If we were to replace electricity with gas it would be possible. Pressure and Flow of gas would replace Current and Voltage in electrics, and in most cases can be used for the same purpose.
As a worked through example (that is also very relevant as would be required as the basis for logic circuits), it should be possible to replicate a transistor by using some kind of normally closed diaphragm such that when a pressure is applied at the gate will allow flow from the source to the drain. This is exactly what a transistor does, though by using other physical effects to prevent/allow flow through the substrate. Transistors nowadays for the basis for logic systems, so now we know we could have valves and basic control systems.
Other fundamentals of electrics could be replicated. Resistors are replaced with orifices, capacitors with accumulators (though there are some differences here). Inductors are more tricky. Transformers can be made by enlarging/shrinking the cross sectional area of the flow.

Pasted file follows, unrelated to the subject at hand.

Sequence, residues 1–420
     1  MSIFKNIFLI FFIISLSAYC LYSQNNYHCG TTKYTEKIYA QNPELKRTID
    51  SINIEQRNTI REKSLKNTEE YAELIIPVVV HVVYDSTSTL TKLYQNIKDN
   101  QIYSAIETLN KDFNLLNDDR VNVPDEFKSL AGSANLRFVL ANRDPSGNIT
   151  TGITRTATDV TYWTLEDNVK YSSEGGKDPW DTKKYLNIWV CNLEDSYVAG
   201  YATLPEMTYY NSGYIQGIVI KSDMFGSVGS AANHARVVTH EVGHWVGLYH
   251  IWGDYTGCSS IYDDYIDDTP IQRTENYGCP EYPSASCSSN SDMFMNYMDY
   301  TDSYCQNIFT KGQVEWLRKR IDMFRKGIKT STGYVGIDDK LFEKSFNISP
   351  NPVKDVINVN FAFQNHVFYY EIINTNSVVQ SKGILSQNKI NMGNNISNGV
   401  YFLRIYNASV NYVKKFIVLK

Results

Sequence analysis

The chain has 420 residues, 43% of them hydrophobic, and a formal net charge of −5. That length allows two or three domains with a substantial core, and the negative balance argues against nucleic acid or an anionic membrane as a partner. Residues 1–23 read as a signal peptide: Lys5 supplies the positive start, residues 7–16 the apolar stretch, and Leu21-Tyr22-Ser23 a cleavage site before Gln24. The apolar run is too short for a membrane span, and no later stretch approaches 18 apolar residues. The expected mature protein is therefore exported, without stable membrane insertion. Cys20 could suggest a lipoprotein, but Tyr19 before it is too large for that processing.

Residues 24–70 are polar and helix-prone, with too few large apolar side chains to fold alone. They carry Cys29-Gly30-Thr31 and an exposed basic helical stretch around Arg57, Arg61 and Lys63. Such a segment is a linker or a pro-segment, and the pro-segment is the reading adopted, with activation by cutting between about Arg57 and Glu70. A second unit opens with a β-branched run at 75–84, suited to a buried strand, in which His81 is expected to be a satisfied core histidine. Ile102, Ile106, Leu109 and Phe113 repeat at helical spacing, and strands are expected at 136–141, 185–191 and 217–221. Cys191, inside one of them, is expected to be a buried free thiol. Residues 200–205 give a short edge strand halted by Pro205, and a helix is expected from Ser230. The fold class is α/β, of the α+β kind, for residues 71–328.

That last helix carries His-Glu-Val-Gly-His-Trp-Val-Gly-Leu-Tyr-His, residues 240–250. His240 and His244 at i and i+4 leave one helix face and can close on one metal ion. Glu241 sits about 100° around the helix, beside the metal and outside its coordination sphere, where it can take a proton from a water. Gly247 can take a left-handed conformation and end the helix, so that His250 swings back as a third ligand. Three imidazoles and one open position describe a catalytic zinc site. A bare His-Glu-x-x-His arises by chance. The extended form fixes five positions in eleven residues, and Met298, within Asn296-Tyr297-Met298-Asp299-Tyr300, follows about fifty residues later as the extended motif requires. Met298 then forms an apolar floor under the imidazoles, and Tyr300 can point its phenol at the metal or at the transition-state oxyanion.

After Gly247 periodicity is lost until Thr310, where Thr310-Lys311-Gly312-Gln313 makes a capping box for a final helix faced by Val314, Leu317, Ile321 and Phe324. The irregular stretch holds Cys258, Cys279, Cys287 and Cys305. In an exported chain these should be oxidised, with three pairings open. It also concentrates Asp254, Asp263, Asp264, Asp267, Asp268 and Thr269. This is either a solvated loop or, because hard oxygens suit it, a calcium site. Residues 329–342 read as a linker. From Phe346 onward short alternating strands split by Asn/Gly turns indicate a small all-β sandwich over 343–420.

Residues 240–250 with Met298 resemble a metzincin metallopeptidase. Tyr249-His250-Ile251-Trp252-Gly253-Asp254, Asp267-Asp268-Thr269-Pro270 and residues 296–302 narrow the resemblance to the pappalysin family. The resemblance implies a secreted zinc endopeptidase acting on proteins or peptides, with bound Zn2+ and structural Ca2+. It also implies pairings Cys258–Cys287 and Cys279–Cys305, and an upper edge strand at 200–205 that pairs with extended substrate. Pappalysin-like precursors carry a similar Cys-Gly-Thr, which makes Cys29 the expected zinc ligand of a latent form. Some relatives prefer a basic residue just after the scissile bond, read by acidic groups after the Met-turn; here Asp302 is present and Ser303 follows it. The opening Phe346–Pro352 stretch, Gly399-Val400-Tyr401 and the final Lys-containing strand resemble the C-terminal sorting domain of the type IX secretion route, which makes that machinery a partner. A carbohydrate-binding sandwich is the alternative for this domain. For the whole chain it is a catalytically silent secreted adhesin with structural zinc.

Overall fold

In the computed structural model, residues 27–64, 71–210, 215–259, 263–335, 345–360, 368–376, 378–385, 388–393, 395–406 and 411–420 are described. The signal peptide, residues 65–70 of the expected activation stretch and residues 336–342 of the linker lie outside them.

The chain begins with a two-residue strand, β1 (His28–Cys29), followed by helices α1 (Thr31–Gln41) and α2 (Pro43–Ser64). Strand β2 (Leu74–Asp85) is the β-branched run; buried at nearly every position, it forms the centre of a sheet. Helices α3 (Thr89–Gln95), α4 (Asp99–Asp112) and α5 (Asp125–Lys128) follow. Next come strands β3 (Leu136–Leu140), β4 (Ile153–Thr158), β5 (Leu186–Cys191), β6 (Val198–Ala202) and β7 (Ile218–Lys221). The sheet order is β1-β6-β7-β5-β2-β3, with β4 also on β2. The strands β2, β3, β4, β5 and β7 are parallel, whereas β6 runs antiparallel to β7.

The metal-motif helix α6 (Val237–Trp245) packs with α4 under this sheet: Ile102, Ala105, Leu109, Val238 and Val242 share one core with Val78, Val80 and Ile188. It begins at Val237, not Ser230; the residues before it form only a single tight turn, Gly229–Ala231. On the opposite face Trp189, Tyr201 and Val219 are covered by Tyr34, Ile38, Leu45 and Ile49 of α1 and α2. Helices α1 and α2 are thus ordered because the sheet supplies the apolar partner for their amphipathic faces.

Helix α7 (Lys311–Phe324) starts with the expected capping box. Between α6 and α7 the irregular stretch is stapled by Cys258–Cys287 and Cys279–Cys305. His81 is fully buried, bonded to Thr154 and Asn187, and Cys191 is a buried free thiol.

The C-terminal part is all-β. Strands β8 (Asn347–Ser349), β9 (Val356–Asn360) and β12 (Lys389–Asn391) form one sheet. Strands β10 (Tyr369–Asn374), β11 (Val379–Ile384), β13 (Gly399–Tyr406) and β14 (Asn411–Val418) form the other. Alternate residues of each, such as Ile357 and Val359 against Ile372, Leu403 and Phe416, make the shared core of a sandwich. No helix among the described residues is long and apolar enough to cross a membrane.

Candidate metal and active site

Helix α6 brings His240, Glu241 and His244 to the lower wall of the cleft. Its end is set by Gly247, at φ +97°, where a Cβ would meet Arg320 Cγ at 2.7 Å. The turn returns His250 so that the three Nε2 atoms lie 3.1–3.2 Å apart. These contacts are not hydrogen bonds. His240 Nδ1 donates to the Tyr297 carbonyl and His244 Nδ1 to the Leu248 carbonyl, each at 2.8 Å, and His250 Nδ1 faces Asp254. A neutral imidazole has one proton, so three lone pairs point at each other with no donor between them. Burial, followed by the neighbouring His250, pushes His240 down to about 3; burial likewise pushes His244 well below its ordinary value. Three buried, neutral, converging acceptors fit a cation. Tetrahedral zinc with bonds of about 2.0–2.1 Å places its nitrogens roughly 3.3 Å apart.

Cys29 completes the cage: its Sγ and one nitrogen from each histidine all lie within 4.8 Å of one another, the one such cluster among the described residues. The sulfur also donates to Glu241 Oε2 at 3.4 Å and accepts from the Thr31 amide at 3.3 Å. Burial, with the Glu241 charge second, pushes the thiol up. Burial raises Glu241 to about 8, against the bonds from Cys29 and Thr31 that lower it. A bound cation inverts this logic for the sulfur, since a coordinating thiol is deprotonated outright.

So what's stopping it from working? Well scale would be the first issue. Transistors are tiny, even supposing we could somehow use pipes as small as carbon nanotubes, we probably still couldn't make something to work on the same scale. Sorry steampunk fans, wearables based on gasses are a little way off at the moment.
The next issue that one fundamental difference between gas and electricity for this sort of stuff is that an open loop in electricity is safe, whereas an open loop in your gas circuit is not safe. At best all that will happen is you'll lose a lot of gas and cripple other systems nearby (can be mitigated by logic to pick up massive pressure drops and shutting off the system). At worst that will meet one of your gas lamps and go boom.
One final issue is that there is a reason we use hydraulics instead of pneumatics for large machinery. Compressible gas doesn't give you nearly as good control as an incompressible liquid. Your rams would be springy, and would move as the load changed. If there was something preventing something in the system moving, the pressure would build up til it could overcome the obstacle, then would suddenly jump. It's not the smooth control you need for a lot of purposes, but just opening closing valves could work.